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TCB proposes measures as regional tourist numbers reach three times of international tourists this year
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TCB submits to the cabinet measures to manage and improve the experience for regional tourists which include mandatory e-permits, hiring only Bhutanese vehicles and guides, etc

In what is becoming a matter of increasing concern for Bhutan’s ‘high value and low impact’ tourism policy, the regional tourist numbers for the last 10 months from January to October 2017 have reached 152,896 as opposed to 54,641 international tourists.
This is the highest and record number till date where regional tourist numbers now number around three times that of international tourists. The numbers are expected to go up after November and December 2017.
The concern is not only with the huge numbers but also with the fact that back in 2012 regional tourists in fact numbered less than international tourists coming to 50,722 regional tourists versus 54,685 international tourists then.
While dollar paying tourist numbers have remained constant and increased slowly the story is quite different for regional tourists.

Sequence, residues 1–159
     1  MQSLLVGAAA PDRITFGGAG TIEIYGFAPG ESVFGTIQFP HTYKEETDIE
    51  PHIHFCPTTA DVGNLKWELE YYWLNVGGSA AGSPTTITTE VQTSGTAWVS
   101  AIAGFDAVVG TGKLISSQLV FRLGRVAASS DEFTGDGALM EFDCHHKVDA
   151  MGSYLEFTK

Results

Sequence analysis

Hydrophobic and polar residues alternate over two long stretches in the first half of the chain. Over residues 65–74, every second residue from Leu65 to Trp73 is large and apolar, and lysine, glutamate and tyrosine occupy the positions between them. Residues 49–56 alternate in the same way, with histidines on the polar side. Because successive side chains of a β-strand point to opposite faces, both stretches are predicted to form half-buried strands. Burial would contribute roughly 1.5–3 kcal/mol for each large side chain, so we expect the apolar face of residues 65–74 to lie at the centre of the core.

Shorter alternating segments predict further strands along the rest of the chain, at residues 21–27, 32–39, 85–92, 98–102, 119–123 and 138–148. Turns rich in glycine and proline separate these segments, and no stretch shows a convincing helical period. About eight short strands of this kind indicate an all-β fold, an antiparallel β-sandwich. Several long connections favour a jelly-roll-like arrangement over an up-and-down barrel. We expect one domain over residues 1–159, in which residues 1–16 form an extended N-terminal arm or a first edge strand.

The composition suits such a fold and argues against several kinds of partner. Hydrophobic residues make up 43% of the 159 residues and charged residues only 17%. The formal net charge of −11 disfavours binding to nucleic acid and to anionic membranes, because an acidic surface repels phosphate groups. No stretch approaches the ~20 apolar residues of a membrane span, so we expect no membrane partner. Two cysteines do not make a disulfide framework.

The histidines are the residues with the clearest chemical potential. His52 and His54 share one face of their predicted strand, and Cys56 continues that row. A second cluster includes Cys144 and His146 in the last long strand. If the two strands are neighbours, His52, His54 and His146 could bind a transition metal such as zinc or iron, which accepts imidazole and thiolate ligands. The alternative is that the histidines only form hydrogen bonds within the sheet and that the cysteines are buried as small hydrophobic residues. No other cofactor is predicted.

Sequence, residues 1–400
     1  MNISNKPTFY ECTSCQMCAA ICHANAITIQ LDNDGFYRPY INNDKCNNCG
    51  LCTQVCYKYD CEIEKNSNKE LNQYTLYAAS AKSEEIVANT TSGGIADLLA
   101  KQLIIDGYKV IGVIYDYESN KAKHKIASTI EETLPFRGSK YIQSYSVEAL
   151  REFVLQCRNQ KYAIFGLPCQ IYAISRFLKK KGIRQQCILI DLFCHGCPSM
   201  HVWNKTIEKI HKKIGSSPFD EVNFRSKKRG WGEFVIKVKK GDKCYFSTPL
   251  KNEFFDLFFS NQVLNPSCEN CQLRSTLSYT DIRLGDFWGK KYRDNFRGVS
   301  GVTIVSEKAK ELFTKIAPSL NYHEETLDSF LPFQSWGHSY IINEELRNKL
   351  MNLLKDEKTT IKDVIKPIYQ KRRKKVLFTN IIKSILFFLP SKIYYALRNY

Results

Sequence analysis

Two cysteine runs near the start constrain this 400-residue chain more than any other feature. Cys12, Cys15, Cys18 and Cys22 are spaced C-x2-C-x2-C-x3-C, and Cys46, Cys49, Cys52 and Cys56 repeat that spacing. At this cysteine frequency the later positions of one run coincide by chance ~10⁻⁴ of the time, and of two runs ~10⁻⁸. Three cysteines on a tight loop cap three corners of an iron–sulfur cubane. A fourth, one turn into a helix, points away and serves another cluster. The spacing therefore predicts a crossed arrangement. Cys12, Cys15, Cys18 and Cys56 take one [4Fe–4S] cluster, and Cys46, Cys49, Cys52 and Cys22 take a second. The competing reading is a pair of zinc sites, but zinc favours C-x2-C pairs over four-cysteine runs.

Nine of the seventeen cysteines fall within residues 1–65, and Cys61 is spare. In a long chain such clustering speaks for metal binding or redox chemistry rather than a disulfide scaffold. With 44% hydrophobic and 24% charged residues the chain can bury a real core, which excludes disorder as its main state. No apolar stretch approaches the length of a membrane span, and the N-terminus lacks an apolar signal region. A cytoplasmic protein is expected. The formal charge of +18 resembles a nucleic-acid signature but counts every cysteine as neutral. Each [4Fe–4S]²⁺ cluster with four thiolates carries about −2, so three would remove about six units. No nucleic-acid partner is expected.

In 2016 regional tourist numbers increased to 146,797 as opposed to 62,773 international tourists. (see main box)
Regional tourist numbers also include regional visitors like visiting professionals, family friends etc but they form only a small and stable portion of the numbers. The regional tourist numbers exclude the labourers that come for hydro projects and construction activities as they come through the labour permit system.
The huge influx and growth of regional tourists became an issue in the last few years with its resultant impact on the high value and low impact tourism offering of Bhutan.
The impact is visible in the form of more trash even in sacred sites, high number of foreign vehicles and bikes on the roads, competition with international tourists, safety issues for regional vehicles and tourists as they get into various accidents, crowding of hotel rooms, cultural impact of higher numbers, disturbance in usually quite areas with increased vehicle traffic, traffic congestion and more.